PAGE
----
Survival and postoperative complications after extended surgery for non-small-cell lung cancer

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Abstract

Objective: We evaluated survival after extended surgery in patients with non-small-cell lung cancer and the effects of induction therapy on results and complications.Subjects and Methods: Between April 1987 and March 1998, 127 patients with pathological T3 (pT3) or T4 (pT4) non-small-cell lung cancer underwent extended surgery combined with resection of neighboring organs. Of these, 35 received induction therapy. In the remaining 92, surgery preceded other therapy. Long-term results and postoperative respiratory complications were analyzed and compared between the patients with and without induction therapy.Results: Overall 5-year survival after extended surgery was 37%. Five-year survival rates in the pT3 was 41% and that in the pT4 group 28% (p = 0.030). Five-year survivalrate in the pNO-1 was 46% and that in the pN2-3 group 26% (p = 0.003). No significant difference was observed in survival curves between patients with and without induction therapy. Induction therapy responders showed better survival than nonresponders. To prevent postoperative fatal complications due to bronchopleural fistula, we prophylactically covered the bronchial stump using autologous tissue in 31 induction therapy patients, and no mortality due to complications was seen in this group.Conclusion: Long-term survival after extended surgery was observed in pT3 and pT4 patients, especially among those with a pN0-l status. Induction therapy responders may be considered good candidates for extended surgery because of the favorable prognosis in contrast to that for nonresponders.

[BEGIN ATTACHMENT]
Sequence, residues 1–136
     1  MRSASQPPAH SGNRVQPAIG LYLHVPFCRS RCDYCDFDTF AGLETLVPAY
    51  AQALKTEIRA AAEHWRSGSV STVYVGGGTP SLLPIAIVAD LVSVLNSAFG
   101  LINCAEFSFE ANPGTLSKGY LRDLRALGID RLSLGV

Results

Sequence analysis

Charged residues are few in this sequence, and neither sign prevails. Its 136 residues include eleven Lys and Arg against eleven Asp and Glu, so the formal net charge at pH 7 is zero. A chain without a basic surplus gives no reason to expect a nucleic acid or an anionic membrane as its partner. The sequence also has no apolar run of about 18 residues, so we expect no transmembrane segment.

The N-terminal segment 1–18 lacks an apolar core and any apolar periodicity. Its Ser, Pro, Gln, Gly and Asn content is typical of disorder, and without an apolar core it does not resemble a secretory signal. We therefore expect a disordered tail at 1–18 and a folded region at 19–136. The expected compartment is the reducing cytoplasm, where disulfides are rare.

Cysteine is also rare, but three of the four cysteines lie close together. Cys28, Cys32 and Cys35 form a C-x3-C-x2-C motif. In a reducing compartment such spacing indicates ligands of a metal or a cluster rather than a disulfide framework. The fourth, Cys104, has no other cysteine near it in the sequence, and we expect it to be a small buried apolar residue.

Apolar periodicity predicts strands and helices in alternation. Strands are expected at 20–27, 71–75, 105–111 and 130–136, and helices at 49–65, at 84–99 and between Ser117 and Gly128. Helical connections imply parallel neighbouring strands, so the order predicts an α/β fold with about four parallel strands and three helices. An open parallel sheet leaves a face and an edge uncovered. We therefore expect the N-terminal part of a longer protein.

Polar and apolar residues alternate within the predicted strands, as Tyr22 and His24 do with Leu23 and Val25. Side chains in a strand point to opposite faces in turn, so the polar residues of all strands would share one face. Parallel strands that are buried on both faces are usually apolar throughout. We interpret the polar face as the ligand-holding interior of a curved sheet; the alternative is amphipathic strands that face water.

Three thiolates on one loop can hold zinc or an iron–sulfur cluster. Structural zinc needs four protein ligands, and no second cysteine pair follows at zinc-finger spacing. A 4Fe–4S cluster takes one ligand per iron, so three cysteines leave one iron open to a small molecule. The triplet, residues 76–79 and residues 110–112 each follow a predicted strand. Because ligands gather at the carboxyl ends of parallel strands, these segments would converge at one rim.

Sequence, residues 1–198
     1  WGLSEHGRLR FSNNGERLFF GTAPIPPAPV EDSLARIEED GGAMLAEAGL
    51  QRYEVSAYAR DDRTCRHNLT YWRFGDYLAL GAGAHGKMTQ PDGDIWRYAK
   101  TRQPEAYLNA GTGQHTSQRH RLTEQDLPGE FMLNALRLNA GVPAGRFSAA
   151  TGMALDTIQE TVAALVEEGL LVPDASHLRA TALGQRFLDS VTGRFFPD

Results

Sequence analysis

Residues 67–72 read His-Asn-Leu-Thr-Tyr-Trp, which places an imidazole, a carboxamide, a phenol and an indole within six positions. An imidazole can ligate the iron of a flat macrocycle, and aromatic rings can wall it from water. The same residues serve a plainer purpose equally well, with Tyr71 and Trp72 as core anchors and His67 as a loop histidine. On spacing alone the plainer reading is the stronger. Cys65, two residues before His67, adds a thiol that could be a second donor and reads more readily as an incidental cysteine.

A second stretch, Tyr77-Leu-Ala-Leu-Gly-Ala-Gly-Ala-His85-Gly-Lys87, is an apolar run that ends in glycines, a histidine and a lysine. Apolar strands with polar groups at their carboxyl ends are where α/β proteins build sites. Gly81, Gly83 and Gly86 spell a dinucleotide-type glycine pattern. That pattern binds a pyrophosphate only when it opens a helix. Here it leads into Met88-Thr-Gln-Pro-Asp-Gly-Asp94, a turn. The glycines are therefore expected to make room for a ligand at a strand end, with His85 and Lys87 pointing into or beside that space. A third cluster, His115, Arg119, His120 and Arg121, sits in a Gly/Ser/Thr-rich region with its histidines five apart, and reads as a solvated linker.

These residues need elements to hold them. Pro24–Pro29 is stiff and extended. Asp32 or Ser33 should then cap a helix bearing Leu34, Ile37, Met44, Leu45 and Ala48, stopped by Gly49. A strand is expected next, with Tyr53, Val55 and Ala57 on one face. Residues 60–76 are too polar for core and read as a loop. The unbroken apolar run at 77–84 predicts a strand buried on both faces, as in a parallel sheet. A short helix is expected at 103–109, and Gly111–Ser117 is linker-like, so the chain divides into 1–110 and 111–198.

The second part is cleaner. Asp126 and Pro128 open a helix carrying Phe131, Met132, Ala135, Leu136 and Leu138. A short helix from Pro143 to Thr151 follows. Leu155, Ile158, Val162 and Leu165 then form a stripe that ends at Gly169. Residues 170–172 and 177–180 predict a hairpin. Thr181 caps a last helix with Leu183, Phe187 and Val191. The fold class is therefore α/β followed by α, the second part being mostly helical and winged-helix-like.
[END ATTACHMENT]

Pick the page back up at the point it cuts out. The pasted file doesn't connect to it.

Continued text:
Read at the Fifty-fist Annual Meeting of the Japanese Association for Thoracic Surgery, Symposium, Tokyo, October 2–4, 1998.